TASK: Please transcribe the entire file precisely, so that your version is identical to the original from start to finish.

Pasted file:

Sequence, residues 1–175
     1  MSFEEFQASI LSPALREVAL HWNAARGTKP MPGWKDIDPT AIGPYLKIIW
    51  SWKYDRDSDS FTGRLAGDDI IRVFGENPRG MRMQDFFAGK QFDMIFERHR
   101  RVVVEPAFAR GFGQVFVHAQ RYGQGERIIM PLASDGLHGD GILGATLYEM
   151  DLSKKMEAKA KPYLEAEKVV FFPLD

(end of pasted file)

Sequence, residues 1–175
     1  MSFEEFQASI LSPALREVAL HWNAARGTKP MPGWKDIDPT AIGPYLKIIW
    51  SWKYDRDSDS FTGRLAGDDI IRVFGENPRG MRMQDFFAGK QFDMIFERHR
   101  RVVVEPAFAR GFGQVFVHAQ RYGQGERIIM PLASDGLHGD GILGATLYEM
   151  DLSKKMEAKA KPYLEAEKVV FFPLD